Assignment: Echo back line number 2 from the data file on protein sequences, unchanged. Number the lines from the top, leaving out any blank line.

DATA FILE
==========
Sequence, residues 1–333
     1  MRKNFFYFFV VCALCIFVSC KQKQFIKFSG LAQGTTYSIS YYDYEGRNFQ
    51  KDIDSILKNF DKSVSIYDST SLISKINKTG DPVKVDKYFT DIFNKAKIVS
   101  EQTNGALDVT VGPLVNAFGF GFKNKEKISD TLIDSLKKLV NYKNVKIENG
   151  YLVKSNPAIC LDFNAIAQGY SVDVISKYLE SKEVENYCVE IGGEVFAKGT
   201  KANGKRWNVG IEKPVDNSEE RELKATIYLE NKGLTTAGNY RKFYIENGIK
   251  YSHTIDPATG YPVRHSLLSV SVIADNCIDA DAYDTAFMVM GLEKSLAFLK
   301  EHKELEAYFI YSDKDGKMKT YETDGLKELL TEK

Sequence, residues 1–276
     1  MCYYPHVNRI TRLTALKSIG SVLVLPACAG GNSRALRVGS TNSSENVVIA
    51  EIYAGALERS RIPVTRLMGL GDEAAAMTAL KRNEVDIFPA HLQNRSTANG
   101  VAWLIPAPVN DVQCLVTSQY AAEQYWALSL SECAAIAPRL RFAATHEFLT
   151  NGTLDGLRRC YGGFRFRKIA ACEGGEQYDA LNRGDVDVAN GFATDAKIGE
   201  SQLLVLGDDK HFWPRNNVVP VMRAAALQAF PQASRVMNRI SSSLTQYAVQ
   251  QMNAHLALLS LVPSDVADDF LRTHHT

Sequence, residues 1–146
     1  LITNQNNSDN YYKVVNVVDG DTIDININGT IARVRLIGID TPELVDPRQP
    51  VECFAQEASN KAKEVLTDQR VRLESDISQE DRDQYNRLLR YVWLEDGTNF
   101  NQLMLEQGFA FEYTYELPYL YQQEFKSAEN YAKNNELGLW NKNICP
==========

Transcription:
     1  MRKNFFYFFV VCALCIFVSC KQKQFIKFSG LAQGTTYSIS YYDYEGRNFQ